Paris. Beautiful, lovely Paris. I adore everything about this city – the charming buildings, the heavy traffic, the rich history, the bustling residents, the effortless fashion, and even the droves of annoying tourists. I have dreamed about the day I would be able to run these streets and feel my own painful history fall behind me as I pushed past each mile. But I am getting ahead of myself. Let’s start at the beginning.
I bet you thought I would never get around to writing about this marathon. Well, it took me only three months, but here you go.
Mileage was significantly less the week leading up to the race allowing my legs and body to repair and recover in preparation for the race. From what I understand, I was supposed to be mentally preparing for my race, as well as resting as much as possible. Well, neither really happened. Being a stay-at-home mom to two minis doesn’t provide a whole lot of downtime. I did my best to stay off my feet as much as possible and get eight hours of sleep at night, but nervous energy and anxiety made it difficult for me to prepare mentally. Honestly, I found myself wanting to eat everything in sight as a way to take my mind off my looming fate at the end of the week. I eat when I am nervous. I need to reprogram how I process anxiety, I think.
There have been significant life experiences and opportunities that I have passed up in my life because conditions were not what I considered “perfect”. I am a serious perfectionist if you haven’t figured this out already. Consequently, time has been lost, education put aside, trips untaken, goals left unachieved (or unattempted), etc. One example of goals unattempted is running the Paris Marathon.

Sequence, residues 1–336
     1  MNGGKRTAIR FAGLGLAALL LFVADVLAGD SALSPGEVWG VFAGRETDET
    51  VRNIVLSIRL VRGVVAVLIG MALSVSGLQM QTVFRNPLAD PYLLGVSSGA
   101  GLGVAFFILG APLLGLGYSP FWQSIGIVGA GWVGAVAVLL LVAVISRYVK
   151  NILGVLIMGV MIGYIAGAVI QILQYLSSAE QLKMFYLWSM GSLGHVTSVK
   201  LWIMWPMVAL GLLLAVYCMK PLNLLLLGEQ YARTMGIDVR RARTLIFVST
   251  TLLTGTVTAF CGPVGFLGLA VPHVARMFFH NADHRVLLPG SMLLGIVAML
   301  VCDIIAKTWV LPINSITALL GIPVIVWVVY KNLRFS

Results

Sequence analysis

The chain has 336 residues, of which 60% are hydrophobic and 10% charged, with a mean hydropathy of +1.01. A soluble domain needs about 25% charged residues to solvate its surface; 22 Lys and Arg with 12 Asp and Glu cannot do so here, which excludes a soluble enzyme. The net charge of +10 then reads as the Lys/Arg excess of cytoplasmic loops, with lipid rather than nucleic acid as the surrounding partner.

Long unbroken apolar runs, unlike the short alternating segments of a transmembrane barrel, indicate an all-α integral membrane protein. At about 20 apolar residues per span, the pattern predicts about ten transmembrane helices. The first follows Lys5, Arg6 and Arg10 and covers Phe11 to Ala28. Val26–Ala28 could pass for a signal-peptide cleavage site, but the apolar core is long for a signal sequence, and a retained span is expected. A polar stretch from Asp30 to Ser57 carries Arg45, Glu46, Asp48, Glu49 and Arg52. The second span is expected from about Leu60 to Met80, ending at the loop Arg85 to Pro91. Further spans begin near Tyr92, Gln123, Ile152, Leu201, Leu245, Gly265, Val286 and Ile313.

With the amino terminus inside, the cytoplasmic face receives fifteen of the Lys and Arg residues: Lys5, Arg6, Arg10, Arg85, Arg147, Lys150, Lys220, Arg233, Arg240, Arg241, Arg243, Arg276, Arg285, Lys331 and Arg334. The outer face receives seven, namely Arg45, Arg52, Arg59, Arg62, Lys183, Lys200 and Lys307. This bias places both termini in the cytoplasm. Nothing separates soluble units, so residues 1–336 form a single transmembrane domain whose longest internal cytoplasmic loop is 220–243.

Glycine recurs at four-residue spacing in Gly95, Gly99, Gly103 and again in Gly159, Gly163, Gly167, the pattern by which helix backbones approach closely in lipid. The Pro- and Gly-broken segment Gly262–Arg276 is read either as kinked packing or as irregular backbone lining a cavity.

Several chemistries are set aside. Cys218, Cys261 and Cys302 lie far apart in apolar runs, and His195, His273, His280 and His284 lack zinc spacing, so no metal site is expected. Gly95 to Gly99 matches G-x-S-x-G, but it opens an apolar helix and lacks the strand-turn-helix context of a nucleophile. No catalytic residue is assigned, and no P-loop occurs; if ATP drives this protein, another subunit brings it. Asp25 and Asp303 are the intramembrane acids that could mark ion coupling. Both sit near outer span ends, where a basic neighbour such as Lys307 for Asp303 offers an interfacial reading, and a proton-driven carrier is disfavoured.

Running Paris has been a dream of mine for the past 14ish years (read more about this here), but I told myself that I did not deserve to run it unless I was a “legit” runner. (Just for clarification, a sub 3:30 marathon was my qualification for being a “legit” runner. I know. Stupid.) Well, after my lymphedema diagnosis, I thought that being a runner, let alone a “legit” runner, was absolutely out of the question for me; so, my Paris dream was put aside and never considered again… until three years ago.
Fast forward to present day. The opportunity presented itself last fall for us to plan a trip to Paris, and for me to register for the Paris Marathon on April 3rd. Obviously I was aware that my marathon time wouldn’t be anywhere near the 3:30 mark, and I actually thought about passing up the opportunity because I felt like I hadn’t earned Paris yet. Well, after talking with J and realizing how stupid it was for me to consider myself unworthy to run it when I had worked so hard to get to where I am, I decided to take the plunge. This trip is my reward for staying the course, putting in the time to train, and pushing insecurities and doubts aside. I absolutely deserve this. Now, I get to meet about 60,000 other runners at the Arc de Triomphe in less than three weeks to run 26.2 miles.
I have been keeping this news on the down-low since September because I didn’t want it to overshadow the importance of running the Phoenix Marathon. But now that Phoenix is over, I don’t mind sharing my excitement. It seems crazy that I am actually going to be doing what I have been dreaming about for the past decade.
The lesson for me: Stop waiting until conditions are “perfect”! Very rarely will conditions be perfect. Have courage, make time, work hard, be dedicated, and let go of the idea of “perfection”. It only robs you of happiness in the present. Hopefully, you all will learn from my mistake and not lose years wishing that you could do something that you really wanted to do.
P.S. I promise to give a recap of my first marathon soon. I apologize for not being the best with race recaps, especially my most significant race to date – the Phoenix Marathon. I will do my best to share my experience with you before leaving for Paris.
I accomplish so much more when I have support from loved ones, friends and my community. As I reflect on all of my accomplishments in life, I have noticed a common factor – I had at least one person backing me up, supporting me, and pushing me.